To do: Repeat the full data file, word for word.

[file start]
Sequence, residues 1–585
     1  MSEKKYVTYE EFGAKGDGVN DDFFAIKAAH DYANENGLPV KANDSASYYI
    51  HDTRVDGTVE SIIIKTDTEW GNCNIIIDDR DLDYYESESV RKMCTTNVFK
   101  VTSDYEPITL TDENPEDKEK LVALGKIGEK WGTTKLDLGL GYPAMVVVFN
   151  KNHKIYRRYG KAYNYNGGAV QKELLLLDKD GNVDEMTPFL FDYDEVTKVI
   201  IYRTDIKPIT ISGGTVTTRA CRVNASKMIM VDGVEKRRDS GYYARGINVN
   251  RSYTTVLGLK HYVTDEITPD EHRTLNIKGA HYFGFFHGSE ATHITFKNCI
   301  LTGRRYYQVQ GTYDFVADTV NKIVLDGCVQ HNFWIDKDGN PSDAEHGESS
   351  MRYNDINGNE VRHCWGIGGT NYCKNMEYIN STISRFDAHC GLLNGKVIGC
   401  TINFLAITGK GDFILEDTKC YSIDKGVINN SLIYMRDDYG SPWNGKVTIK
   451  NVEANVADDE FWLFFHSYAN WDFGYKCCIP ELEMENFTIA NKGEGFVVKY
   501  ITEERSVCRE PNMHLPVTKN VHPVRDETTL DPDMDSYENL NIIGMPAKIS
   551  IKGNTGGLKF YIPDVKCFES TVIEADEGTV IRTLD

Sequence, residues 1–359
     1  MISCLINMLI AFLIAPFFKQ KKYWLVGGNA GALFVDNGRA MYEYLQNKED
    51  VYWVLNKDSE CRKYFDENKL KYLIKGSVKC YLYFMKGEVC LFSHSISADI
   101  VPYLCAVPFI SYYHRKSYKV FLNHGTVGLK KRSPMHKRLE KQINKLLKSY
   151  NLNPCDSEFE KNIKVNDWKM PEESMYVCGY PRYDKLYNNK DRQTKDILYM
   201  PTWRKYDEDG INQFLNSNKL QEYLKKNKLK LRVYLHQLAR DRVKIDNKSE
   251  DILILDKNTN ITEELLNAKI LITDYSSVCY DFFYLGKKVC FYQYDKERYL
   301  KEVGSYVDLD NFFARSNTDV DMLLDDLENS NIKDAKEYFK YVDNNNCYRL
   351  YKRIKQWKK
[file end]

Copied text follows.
Sequence, residues 1–585
     1  MSEKKYVTYE EFGAKGDGVN DDFFAIKAAH DYANENGLPV KANDSASYYI
    51  HDTRVDGTVE SIIIKTDTEW GNCNIIIDDR DLDYYESESV RKMCTTNVFK
   101  VTSDYEPITL TDENPEDKEK LVALGKIGEK WGTTKLDLGL GYPAMVVVFN
   151  KNHKIYRRYG KAYNYNGGAV QKELLLLDKD GNVDEMTPFL FDYDEVTKVI
   201  IYRTDIKPIT ISGGTVTTRA CRVNASKMIM VDGVEKRRDS GYYARGINVN
   251  RSYTTVLGLK HYVTDEITPD EHRTLNIKGA HYFGFFHGSE ATHITFKNCI
   301  LTGRRYYQVQ GTYDFVADTV NKIVLDGCVQ HNFWIDKDGN PSDAEHGESS
   351  MRYNDINGNE VRHCWGIGGT NYCKNMEYIN STISRFDAHC GLLNGKVIGC
   401  TINFLAITGK GDFILEDTKC YSIDKGVINN SLIYMRDDYG SPWNGKVTIK
   451  NVEANVADDE FWLFFHSYAN WDFGYKCCIP ELEMENFTIA NKGEGFVVKY
   501  ITEERSVCRE PNMHLPVTKN VHPVRDETTL DPDMDSYENL NIIGMPAKIS
   551  IKGNTGGLKF YIPDVKCFES TVIEADEGTV IRTLD

Sequence, residues 1–359
     1  MISCLINMLI AFLIAPFFKQ KKYWLVGGNA GALFVDNGRA MYEYLQNKED
    51  VYWVLNKDSE CRKYFDENKL KYLIKGSVKC YLYFMKGEVC LFSHSISADI
   101  VPYLCAVPFI SYYHRKSYKV FLNHGTVGLK KRSPMHKRLE KQINKLLKSY
   151  NLNPCDSEFE KNIKVNDWKM PEESMYVCGY PRYDKLYNNK DRQTKDILYM
   201  PTWRKYDEDG INQFLNSNKL QEYLKKNKLK LRVYLHQLAR DRVKIDNKSE
   251  DILILDKNTN ITEELLNAKI LITDYSSVCY DFFYLGKKVC FYQYDKERYL
   301  KEVGSYVDLD NFFARSNTDV DMLLDDLENS NIKDAKEYFK YVDNNNCYRL
   351  YKRIKQWKK